A Solomont Speaker Series event with rapper and activist Dee-1 was disrupted by messages containing racial slurs on April 19. University President Anthony Monaco and Dayna Cunningham, dean of the Jonathan M. Tisch College of Civic Life, condemned the incident the following morning in an email to the Tufts community.
“The university condemns this incident and reiterates that such hateful disruptions will not be tolerated at Tufts,” Monaco and Cunningham wrote. “We are investigating all available information in an attempt to discover who is responsible. If we are able to identify who is responsible, we will pursue the severest penalties available to us as a university under the law.”
The incident occurred approximately 10 minutes into the event when the chat function of the livestream was used to post messages containing racial slurs, including the n-word. The messages were visible to audience members attending in person at the ASEAN Auditorium.
After multiple racist messages were sent, an audience member voiced concern and asked administrators to take action. Dee-1, who had been delivering his presentation, was then made aware of the messages, at which point administrators told the audience they were working to resolve the issue.
“I’m not even surprised, because this whole gathering is meant to build community, establishing something positive,” Dee-1 remarked. “Whenever you’re trying to do something positive in life, what happens? The enemy definitely tries to come through and say, ‘I want to disband that.’”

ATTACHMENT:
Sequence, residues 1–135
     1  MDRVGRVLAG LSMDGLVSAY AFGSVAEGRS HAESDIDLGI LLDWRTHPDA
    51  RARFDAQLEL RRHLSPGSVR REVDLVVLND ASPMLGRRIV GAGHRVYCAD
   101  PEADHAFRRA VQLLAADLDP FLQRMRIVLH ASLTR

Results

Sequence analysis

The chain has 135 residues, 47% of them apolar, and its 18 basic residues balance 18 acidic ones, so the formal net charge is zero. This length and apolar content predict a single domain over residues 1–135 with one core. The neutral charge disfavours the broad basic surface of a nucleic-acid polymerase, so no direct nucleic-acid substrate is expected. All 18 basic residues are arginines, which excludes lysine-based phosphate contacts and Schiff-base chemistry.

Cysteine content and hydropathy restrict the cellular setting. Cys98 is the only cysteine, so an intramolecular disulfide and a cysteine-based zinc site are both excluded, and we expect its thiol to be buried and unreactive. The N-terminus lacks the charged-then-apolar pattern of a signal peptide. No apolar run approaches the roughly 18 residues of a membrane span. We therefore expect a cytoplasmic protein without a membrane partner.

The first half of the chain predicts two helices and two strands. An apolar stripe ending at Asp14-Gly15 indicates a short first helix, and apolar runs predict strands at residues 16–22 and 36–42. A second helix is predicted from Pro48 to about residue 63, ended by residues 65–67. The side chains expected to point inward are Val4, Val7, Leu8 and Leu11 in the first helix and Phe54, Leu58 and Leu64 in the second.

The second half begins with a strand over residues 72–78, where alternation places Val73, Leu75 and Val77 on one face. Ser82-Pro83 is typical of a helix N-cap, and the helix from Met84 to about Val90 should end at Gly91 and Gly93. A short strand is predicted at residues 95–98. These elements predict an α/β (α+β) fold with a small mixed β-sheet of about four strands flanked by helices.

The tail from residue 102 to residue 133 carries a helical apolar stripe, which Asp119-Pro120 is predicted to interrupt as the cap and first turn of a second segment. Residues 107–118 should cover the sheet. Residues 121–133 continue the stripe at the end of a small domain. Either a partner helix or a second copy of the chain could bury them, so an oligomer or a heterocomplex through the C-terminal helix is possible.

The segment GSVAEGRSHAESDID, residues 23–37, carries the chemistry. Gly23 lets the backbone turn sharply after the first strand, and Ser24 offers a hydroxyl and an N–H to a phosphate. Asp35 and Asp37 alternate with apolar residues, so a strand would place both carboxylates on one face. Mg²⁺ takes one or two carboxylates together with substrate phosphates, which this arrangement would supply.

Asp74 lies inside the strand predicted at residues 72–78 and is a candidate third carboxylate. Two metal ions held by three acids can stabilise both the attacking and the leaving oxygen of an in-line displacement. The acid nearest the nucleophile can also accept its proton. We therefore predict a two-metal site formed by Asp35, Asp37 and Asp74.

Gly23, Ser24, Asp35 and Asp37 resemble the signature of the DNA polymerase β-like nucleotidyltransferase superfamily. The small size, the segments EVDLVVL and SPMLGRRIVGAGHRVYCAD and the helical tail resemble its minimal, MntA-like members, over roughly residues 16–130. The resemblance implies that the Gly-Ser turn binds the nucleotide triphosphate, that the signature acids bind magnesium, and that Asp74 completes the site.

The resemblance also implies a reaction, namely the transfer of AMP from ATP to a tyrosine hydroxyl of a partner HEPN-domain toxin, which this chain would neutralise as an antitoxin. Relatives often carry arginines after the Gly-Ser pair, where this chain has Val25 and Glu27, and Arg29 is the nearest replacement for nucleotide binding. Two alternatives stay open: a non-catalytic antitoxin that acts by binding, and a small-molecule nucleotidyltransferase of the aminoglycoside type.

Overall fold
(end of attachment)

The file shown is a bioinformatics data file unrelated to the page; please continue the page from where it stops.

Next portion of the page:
Dee-1 asked to continue the event with the livestream turned off.
“That teaches us about the kind of stuff we just spoke about, called grit. Grit is the ability to keep going, even when things may not be convenient, may not even be in your favor,” Dee-1 said. “So if it’s okay with y’all, we’re gonna keep going.”
Monaco and Cunningham praised Dee-1’s handling of the situation.
“He powerfully moved the conversation forward, encouraging participants to stay in the work and in the moment,” they wrote.
In the same statement, Monaco and Cunningham also issued an apology to the Tufts community.
“We know that participants did see the disturbing messages, and we acknowledge and apologize for the harm and upset caused,” they wrote. “This intrusion is especially distressing because it runs counter to the mission of Tisch College, which seeks to promote civic engagement, learning, and public discourse, and to bring people together.”